[Stein 92]
Charles Proteus Steinmetz: Das Gesetz der magnetischen Hysteresis und verwandte Phänomene des magnetischen Kreislaufes, Elektrotechnische Zeitschrift, XIII. Jahrgang, pp. 519, 531, 545, 563, 575, 587, 599, Berlin 1892
[Stein 93]
Charles Proteus Steinmetz: Die Anwendung komplexer Größen in der Elektrotechnik, Elektrotechnische Zeitschrift, XIV. Jahrgang, pp. 597599, 631–635,641–643, 653–654, Berlin 1893
[Stein 97]
Charles Proteus Steinmetz: Alternating Current Phenomena, McGraw-Hill Book Company, New York 1897
[Stein 09]
Charles Proteus Steinmetz: Radiation Light and Illumination, McGraw-Hill Book Company, New York 1909
[Stein 14]
Charles Proteus Steinmetz: Electric Discharges, Waves and Impulses, McGraw-Hill Book Company, New York 1914
[Stein 16]
Charles Proteus Steinmetz: Theory and Calculations of Alternating Current Phenomena, McGraw-Hill Book Company, New York 1916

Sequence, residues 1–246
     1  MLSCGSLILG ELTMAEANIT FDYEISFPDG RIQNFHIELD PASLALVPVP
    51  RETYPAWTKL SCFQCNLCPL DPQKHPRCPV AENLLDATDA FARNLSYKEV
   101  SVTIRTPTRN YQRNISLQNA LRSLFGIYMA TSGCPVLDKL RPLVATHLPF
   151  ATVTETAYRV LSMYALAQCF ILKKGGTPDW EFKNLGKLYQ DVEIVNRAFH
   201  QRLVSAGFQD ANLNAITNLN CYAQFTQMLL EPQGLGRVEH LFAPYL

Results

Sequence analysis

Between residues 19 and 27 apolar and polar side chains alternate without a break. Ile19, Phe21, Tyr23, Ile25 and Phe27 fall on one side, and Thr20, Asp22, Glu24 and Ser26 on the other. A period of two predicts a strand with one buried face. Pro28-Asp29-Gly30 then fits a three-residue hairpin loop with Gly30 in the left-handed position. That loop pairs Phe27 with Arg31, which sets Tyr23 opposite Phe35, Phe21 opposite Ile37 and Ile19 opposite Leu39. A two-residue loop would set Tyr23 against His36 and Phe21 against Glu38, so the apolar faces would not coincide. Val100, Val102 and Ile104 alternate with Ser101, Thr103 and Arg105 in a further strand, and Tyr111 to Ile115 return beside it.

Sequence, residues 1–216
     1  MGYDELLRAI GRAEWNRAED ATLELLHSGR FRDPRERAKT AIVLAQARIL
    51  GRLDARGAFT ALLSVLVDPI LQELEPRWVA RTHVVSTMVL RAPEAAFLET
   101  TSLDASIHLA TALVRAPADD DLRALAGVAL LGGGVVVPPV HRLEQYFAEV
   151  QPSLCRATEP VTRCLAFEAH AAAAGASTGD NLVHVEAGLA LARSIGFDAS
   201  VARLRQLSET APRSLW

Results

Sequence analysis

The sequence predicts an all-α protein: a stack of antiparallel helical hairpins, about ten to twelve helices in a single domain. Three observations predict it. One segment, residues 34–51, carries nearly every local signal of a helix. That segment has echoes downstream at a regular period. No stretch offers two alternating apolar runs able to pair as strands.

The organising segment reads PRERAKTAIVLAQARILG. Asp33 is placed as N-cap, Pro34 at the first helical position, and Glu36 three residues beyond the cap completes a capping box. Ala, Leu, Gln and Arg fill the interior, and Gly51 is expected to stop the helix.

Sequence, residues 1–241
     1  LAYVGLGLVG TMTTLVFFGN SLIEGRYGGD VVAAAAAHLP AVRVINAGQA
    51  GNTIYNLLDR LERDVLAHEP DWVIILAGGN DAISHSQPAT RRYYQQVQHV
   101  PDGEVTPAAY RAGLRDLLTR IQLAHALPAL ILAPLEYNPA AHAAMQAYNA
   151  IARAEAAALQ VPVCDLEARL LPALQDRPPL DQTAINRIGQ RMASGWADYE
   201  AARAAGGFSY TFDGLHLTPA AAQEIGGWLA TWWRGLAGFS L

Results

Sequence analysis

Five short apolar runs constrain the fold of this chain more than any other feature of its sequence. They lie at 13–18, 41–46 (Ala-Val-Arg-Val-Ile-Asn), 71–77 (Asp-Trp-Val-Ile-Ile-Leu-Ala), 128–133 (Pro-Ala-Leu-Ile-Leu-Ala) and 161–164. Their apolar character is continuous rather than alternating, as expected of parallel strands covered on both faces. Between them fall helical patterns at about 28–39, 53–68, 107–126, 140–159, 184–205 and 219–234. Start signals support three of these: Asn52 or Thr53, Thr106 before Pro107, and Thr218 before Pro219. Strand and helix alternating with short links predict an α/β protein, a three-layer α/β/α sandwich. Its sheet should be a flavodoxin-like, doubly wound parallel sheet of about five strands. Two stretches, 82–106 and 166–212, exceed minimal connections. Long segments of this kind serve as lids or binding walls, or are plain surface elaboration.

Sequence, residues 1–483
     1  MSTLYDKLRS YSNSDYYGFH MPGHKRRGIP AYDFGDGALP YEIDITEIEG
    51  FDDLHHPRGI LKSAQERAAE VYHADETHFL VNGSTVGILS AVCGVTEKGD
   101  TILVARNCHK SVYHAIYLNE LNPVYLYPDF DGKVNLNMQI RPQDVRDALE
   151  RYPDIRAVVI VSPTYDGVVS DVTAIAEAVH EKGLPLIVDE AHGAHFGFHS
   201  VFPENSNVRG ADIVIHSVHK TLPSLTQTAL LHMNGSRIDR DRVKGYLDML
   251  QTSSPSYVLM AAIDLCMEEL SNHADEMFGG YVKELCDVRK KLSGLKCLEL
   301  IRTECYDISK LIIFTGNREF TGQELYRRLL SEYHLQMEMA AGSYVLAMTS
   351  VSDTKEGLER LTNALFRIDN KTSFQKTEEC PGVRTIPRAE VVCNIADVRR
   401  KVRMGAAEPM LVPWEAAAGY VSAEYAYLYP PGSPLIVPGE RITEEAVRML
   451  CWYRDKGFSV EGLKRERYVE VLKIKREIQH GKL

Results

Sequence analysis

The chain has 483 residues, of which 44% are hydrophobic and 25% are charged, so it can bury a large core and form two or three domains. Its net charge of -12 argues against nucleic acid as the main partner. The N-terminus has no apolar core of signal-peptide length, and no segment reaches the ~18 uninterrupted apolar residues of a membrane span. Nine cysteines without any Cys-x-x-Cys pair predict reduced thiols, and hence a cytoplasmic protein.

[Stein 17a]
Charles Proteus Steinmetz: Theory and Calculations of Electric Circuits, McGraw-Hill Book Company, New York 1917
[Stein 17b]
Charles Proteus Steinmetz: Engineering Mathematics, McGraw-Hill Book Company, New York 1917
[Zisch 58]
Anton Zischka: Pioniere der Elektrizität, C. Bertelsmann Verlag, Gütersloh 1958

Biblilographical Books

J.A. Miller: Modern Jupiter – The Story of Charles Proteus Steinmetz, The American Society of Mechanical Engineers, New York 1958.
J.N. Leonhard: Das Leben des Karl Proteus Steinmetz, Deutsche Verlags-Anstalt Stuttgart, Berlin 1930 (translated from English).
J.W. Hammond: A Magician of Science, The Boy's Life of Steinmetz, The Century Co., New York 1926.
A Century of Progress: The General Electric Story, Hall of History Foundation, Schenectady, New York 1982.